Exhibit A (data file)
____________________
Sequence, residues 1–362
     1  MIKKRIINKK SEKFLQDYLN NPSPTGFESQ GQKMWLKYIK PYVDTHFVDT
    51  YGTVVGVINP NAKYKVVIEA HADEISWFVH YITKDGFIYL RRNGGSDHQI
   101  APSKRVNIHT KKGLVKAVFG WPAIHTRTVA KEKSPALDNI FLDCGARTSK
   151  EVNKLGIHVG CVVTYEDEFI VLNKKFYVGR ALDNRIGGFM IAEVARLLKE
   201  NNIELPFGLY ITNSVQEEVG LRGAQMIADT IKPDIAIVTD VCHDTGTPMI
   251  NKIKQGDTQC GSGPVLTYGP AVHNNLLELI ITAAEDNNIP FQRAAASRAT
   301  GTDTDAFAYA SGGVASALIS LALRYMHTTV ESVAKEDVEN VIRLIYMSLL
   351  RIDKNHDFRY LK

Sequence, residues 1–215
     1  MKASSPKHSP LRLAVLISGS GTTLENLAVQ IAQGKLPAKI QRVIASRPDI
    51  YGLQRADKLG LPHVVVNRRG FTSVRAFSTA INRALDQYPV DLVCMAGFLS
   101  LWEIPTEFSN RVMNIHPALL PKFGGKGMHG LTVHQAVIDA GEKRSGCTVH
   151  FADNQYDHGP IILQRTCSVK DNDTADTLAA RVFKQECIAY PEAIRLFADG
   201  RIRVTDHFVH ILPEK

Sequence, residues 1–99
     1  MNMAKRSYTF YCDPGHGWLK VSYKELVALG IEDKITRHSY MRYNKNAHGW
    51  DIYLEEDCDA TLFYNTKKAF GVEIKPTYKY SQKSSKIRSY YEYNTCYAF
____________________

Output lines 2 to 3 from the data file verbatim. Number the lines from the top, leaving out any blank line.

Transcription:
     1  MIKKRIINKK SEKFLQDYLN NPSPTGFESQ GQKMWLKYIK PYVDTHFVDT
    51  YGTVVGVINP NAKYKVVIEA HADEISWFVH YITKDGFIYL RRNGGSDHQI